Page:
Project WHAT! members participated in the Statewide Action Against Jail Expansion in Sacramento in December 2013.

Children of incarcerated parents say no to a new jail in San Francisco

January 24, 2015

San Francisco’s jail population is steadily decreasing, and we hope that the number of San Francisco youth struggling to find support during their parents’ and family members’ incarceration will decrease with it. This is why we as youth who have all experienced parental incarceration in San Francisco oppose a new jail in our city. Why invest in a new jail rather than the potential of our youth?

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Rooftop solar installation is one of the best opportunities to return the unemployed to the workforce, a top priority in poor communities of color. These trainees are installing panels on a clinic in Rwanda. If Africans can do it, so can African Americans. – Photo: Walt Ratterman, Sunepi

Our future and the solar mandate of Assembly Bill 327

January 22, 2015

The intent of AB 327 is to make the homes and businesses in California into productive and profitable “customer solar generators” by 2020, to help California reach the solar mandate of obtaining 33 percent of its energy from solar and renewables by 2020. Jobs will be created for all the electricians, carpenters and installers needed to build solar homes. These are jobs many young people can learn and do now.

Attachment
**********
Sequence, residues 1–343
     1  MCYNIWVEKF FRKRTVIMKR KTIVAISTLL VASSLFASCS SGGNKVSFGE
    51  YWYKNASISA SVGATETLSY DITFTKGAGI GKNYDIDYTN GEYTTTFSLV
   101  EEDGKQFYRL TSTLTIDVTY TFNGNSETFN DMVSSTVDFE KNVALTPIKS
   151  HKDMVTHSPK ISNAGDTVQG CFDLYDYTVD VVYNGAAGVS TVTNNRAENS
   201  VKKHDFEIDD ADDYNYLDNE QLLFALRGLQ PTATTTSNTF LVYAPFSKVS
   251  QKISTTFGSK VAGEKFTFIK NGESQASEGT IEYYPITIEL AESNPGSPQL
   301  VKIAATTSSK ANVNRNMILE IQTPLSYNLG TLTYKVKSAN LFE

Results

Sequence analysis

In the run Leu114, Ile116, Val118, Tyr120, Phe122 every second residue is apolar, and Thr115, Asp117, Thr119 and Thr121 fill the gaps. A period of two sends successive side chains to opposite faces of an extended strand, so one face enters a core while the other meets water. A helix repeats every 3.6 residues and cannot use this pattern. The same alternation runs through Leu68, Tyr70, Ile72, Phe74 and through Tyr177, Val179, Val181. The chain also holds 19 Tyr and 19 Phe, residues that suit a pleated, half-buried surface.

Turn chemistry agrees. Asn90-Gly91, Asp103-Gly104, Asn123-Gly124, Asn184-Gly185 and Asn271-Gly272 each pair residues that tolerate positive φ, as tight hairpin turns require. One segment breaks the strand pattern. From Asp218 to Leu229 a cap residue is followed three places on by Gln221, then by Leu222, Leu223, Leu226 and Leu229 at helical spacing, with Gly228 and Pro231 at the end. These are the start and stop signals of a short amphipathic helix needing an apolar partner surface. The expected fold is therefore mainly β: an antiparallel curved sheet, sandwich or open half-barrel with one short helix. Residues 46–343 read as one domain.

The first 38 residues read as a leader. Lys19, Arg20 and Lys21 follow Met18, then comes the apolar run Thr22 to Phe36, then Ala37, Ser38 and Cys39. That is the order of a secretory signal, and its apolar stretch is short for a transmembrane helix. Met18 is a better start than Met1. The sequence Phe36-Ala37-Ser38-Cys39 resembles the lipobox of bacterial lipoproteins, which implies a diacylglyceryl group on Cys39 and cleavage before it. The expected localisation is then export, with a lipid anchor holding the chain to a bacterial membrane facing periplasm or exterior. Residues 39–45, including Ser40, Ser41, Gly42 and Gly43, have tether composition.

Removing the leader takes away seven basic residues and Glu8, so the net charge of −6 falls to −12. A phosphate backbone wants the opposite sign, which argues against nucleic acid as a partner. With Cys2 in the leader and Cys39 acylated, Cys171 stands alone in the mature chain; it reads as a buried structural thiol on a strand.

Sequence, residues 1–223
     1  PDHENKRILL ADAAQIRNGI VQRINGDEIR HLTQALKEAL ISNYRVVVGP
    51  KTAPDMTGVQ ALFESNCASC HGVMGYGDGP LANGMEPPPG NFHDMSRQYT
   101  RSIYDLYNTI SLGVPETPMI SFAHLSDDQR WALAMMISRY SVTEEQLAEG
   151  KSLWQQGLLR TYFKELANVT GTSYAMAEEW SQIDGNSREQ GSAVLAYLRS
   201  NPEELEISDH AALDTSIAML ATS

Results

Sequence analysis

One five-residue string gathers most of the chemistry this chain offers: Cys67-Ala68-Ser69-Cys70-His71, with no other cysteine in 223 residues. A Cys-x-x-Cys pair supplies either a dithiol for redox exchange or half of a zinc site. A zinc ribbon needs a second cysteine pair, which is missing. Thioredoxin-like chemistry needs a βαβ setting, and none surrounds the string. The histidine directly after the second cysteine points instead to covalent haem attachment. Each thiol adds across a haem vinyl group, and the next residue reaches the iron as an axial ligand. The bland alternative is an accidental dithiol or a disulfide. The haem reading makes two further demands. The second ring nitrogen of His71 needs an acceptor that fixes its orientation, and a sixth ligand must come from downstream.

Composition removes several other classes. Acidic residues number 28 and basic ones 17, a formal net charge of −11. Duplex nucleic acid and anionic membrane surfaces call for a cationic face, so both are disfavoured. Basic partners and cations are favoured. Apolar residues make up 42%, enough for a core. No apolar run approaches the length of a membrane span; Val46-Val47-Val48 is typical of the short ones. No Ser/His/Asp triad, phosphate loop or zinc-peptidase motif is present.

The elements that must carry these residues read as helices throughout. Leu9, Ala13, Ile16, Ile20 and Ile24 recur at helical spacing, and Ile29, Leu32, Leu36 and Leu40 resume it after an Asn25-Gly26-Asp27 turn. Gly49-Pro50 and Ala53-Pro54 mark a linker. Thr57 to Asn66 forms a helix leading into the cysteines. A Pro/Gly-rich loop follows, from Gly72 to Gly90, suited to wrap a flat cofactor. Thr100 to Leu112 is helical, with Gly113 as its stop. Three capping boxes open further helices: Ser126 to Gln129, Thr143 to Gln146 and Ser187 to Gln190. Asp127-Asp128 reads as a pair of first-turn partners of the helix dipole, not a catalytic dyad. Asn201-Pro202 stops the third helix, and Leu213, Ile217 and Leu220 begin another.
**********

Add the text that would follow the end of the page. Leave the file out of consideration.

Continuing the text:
The POOR family stands proudly surveying their hard work in 2012, the early days at Homefulness when the garden was the focus. No one had moved in yet, so they came as often as they could, busting up the concrete and asphalt to uncover the rich earth underneath that was soon producing delicious, nutritious edibles. The food was shared with folks in the neighborhood, who were soon participating in Community Newsroom, reporting on their lives and community. Homefulness is a very special place. Instead of anyone trying to destroy it, we should all be replicating it where we are. – Photo: Poor News Network

Shaking down the poor: The infiltration of a landless people’s movement

January 22, 2015

Homefulness is a poor people-led revolution that has taken root in Oakland. Homefulness can also be called humbleness. It is a sweat-equity model of housing that honors the land that was stolen from our ancestors. As history has shown us with poor people-led revolutions and movements of the past, there are those who will try to undermine a humble revolution. This manipulation is rooted in envy. It has no place in our humble revolution known as Homefulness. We will continue to live the revolution by any means necessary.